The detailed, infamous captain’s log ‘orgy of death’, the ship’s return, and the extended black hole’s Bosh-influenced ‘visions from hell’ have made all our imagination run wild over the years, hoping that, one day, the film’s re-release will re-surface missing footage, and will re-appear to us to reveal what it has seen…

You can find it here: https://amzn.to/2SucdQu

 

Original vs Remake: Hollywood’s Need to Retell the Story (or the Lack Thereof)

“The World of Apu” is a bimonthly, diverse, and multilingual online film magazine which explores film cultures from around the world.

Below you can find my analysis on a few international films, not particularly well-known ones, that have spawned renowned Hollywood successes (whether critical or commercial). Maybe I can get you to watch either or both of them, and then get you to ask if the Hollywood remake added to the existing film it was indeed necessary.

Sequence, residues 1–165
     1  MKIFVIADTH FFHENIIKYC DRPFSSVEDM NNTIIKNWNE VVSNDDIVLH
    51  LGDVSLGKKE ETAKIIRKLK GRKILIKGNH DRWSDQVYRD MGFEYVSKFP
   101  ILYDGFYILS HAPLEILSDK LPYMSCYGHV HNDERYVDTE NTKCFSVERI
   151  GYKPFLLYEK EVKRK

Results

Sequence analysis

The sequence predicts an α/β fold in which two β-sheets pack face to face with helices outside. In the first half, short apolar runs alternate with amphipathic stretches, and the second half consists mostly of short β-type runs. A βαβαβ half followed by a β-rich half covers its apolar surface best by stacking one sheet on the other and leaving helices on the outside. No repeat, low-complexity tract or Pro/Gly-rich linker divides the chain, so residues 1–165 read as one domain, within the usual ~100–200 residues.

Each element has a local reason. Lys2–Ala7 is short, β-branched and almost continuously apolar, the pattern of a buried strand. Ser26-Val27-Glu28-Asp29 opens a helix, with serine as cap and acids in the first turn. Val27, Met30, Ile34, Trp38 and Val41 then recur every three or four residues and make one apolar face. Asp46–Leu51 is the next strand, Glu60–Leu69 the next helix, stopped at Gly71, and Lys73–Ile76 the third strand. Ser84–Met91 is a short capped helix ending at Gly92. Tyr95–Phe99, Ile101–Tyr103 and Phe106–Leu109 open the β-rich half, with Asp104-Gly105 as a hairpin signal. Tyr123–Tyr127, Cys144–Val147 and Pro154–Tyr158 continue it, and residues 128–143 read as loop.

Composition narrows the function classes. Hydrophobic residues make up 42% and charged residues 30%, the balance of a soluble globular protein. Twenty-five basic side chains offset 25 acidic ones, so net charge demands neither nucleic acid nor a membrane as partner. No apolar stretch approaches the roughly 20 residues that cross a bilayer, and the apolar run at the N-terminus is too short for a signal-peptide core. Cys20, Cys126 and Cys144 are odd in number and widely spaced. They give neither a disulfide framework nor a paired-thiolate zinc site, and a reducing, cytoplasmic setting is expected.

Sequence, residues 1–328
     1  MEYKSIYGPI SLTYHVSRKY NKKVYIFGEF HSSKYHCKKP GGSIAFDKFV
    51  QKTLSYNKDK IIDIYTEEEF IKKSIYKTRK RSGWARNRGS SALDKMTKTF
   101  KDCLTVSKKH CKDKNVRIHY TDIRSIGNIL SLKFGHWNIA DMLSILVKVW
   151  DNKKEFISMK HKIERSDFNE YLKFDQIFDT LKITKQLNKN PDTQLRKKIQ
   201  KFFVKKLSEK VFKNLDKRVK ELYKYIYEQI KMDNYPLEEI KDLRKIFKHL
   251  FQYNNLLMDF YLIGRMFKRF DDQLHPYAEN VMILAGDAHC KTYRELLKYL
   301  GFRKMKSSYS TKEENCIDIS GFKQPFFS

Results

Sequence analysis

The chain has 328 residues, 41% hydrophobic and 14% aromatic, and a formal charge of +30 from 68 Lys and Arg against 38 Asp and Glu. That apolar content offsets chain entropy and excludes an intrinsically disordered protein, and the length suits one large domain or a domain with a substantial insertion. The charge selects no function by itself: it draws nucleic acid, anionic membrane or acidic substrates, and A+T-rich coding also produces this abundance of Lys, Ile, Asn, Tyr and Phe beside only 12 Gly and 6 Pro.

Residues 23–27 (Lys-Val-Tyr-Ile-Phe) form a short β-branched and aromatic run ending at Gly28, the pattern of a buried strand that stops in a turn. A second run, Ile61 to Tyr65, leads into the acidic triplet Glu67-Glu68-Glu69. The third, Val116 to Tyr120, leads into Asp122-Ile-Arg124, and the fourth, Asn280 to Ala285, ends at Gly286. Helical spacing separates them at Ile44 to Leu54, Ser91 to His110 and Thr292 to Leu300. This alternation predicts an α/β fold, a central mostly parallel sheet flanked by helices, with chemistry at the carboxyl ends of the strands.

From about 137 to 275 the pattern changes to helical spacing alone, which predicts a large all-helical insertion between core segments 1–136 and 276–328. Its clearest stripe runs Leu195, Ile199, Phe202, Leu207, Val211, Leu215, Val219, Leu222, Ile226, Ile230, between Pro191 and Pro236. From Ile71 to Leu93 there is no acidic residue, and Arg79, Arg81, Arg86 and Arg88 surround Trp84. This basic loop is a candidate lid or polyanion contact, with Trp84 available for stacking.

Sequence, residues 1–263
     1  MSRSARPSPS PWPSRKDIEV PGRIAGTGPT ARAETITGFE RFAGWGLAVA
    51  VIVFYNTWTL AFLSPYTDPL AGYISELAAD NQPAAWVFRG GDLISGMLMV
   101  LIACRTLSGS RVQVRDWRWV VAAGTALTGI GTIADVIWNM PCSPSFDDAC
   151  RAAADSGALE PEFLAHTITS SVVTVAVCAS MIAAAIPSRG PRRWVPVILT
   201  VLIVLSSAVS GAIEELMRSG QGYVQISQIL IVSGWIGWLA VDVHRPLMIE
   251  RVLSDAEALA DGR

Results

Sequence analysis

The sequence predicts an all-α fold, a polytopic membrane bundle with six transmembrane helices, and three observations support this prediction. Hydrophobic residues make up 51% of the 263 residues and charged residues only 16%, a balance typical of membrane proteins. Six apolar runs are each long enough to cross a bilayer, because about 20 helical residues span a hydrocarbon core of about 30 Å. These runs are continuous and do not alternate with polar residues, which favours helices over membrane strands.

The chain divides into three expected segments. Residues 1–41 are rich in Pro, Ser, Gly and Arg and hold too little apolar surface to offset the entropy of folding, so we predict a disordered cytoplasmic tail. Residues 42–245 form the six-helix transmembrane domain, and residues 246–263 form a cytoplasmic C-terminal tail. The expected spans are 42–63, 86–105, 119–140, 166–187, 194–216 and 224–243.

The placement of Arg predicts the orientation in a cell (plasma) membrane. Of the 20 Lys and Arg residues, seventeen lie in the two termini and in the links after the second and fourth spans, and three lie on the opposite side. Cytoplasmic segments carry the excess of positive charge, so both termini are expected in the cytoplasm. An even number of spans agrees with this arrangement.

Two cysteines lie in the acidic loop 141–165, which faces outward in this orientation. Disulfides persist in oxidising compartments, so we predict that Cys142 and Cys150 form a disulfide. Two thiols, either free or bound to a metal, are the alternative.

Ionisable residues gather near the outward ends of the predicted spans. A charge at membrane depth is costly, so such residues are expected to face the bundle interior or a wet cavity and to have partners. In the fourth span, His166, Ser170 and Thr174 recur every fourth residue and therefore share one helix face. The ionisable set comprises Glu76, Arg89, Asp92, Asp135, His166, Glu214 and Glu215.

Original vs Remake: Hollywood’s Need to Retell the Story (or the Lack Thereof)

The Crow (1994): Action / Drama / Fantasy

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A man, after been brutally murdered, comes back to life to avenge his and his fiancée’s death by killing the ones responsible one by one.

Even though deeply stigmatised and remembered as the film that Brandon Lee was killed, The Crow still remains Lee’s legacy and a ’90s goth, revenge, Halloween classic. One of Alex Proyas’ finest films that unfortunately spawned sequels that should have never been made. Ranked 37th in IGN’s Top 100 Comic Book Heroes, the film has significant differences to the graphic novel but, proudly growing up with it, I can reassure you that, despite its flaws, it will be admired by every future generation to come.

The production details vary from ground-breaking VFX to complete the film after Lee’s death, to sets getting destroyed, to numerous people getting injured, and to cast and crew constantly abusing cocaine from the set to the toilets. Regardless, if you grew up with it as well, it will take you for a stroll down memory lane and if you were too young or not born yet, it will travel you to an analog world before the digital era took over.

Both father and son will always live in our hearts.

You can find it here: https://amzn.to/2QpMXZ6

Sleepy Hollow (1999): Fantasy / Horror / Mystery

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An eccentric constable is sent to a village called Sleepy Hollow to investigate three mysterious murders but he gets more than he bargained for when he encounters The Headless Horseman.